Campaign needed for social understanding
Many Koreans have misconceptions over mental ailments ― no awareness, no disease, and no need for treatment. They often underestimate them. They seldom equate mental health and physical health to a happier life.
A government report said 16 percent or one out of every six Korean adults endured mental trouble in the past year. It also finds 27.6 percent or one of every six people qualified as suffering from psychosis at one point in their lifetime.
Mental disorders are common worldwide. Korea is below the global average. The World Health Organization says more than one in three people show mental distress at some point in their lives. The organization estimates a third of people in most countries report psychological problems at some point in their lives.
The Health and Welfare Ministry’s latest report is sketchy in grasping the seriousness of the situation. It excluded juveniles from the survey. A comprehensive research might put the number of psychiatric patients higher than the recent data suggests.
The survey, however, alerts policymakers and the people that the ailments need immediate attention. Korea’s suicide rate is one of the world’s highest. The high rate ascribes to various mental disorders.
The report says 6.7 percent of people complain over symptoms of depression, which is often a precursor to suicide.
The report fails to classify the types of illness. Probably, many Koreans struggle with disorders of anxiety panic, often causing sleeping problems and other stresses.
Many people face differing degrees of melancholia, phobias and social anxiety disorders. They seldom admit they are suffering from mental illnesses that require professional treatment. Excessive use of drugs is also a form of mental disorder. Passivity, aggressiveness, impulsiveness and self-defeatism are also personality disorders that require close monitoring.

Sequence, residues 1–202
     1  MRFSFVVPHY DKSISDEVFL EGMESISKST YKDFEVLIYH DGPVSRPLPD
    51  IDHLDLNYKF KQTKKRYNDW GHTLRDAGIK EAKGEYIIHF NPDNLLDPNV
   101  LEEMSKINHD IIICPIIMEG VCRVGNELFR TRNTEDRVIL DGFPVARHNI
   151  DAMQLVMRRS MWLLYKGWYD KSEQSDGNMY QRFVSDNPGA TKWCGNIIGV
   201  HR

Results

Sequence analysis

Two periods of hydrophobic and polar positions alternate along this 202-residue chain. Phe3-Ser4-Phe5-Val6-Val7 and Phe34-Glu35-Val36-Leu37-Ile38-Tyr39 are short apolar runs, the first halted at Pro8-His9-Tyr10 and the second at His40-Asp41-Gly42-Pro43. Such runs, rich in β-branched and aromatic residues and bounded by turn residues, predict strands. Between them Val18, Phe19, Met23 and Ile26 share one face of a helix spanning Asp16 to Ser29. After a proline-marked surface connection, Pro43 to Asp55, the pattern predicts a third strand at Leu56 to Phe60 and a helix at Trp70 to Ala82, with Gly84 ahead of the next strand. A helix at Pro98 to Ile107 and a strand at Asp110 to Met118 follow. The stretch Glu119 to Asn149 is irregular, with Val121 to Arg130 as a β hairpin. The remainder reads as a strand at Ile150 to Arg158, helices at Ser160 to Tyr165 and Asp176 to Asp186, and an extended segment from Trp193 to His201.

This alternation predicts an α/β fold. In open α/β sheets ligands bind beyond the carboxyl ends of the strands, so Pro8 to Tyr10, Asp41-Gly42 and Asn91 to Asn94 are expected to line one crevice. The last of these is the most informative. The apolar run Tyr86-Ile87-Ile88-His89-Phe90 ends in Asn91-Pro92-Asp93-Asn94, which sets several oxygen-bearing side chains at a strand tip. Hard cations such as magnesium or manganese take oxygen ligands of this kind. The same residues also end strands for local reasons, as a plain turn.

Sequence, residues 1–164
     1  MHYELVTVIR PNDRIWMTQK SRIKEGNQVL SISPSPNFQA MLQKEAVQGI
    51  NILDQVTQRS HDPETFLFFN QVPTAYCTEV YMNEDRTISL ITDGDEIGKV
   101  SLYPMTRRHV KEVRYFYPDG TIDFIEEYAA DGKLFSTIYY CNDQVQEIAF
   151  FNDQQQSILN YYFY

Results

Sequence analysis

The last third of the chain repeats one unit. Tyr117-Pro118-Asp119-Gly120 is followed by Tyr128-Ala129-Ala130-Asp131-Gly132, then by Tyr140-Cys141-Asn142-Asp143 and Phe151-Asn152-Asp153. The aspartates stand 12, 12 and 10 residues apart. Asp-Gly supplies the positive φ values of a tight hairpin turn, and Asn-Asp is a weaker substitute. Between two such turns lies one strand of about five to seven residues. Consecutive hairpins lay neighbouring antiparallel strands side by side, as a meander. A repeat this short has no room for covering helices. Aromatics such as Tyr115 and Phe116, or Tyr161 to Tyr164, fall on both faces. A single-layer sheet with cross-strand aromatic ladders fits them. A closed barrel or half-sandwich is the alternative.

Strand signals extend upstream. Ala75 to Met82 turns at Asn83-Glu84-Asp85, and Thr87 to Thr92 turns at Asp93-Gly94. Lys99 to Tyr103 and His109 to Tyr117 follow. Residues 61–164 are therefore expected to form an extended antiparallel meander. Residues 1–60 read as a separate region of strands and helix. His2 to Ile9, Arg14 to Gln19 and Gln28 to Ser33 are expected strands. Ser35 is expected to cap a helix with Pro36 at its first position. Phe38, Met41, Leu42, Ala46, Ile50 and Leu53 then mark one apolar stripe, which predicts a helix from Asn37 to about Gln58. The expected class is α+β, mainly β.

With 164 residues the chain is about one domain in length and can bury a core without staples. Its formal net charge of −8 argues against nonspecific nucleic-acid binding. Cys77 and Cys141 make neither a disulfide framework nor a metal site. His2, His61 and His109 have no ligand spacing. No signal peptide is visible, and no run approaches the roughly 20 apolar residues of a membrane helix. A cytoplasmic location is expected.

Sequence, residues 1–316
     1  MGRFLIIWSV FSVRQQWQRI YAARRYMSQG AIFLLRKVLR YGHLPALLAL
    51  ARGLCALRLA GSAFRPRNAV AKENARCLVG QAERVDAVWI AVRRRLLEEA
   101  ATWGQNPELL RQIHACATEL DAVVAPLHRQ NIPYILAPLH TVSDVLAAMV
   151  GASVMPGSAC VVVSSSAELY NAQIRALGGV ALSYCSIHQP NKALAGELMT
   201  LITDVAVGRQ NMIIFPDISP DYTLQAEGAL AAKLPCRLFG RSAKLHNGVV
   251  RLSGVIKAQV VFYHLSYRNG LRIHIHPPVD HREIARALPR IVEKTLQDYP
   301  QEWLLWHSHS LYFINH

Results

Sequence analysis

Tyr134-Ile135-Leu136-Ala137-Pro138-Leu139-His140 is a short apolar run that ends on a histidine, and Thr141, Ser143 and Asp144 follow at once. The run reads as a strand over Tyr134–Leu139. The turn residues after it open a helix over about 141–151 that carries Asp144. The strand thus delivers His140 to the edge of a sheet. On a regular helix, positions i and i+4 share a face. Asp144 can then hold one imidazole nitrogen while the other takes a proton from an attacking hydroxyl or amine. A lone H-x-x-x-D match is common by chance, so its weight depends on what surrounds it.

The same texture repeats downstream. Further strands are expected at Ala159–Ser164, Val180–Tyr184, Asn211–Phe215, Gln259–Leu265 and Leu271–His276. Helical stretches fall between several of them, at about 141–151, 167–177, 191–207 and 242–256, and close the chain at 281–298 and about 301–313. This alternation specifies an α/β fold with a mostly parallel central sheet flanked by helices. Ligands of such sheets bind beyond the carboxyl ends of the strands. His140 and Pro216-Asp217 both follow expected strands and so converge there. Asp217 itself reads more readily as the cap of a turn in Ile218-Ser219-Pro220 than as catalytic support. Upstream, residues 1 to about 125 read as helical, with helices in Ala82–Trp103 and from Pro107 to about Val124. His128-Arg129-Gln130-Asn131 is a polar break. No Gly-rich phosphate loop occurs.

Doctors also list some mental disorders such as amnesia, megalomania, exhibitionism, schizophrenia, manic depression and a persecution complex.
Koreans tend to hide psychical disorders out of fear of social exclusion, stigma and discrimination. Lack of social understanding worsens the condition of the mentally challenged.
Social campaigns must be initiated to deepen the understanding of the psychiatric disorders and challenge social exclusion. Peers and family members sometimes worsen the conditions faced by patients through their casual and unintended derision or mockery. Mental illness has long been frowned upon as a luxury disease.
Social intervention is necessary. Friends and family members must be emphatic to patients and encourage them to consult with psychotherapists.
The country lacks in the number of psychotherapists. Medical insurance coverage of the mental patients is not comprehensive.
Korea is the only country in the world that became a donor country after receiving foreign aid. Its rags-to-riches economic story is unprecedented. However, many Korean people rarely say their happiness has increased in keeping with economic progress. This perceived high degree of unhappiness may increase stress and possibly mental disorders. Physical illness and emotional disorders are a normal part of life and many are curable.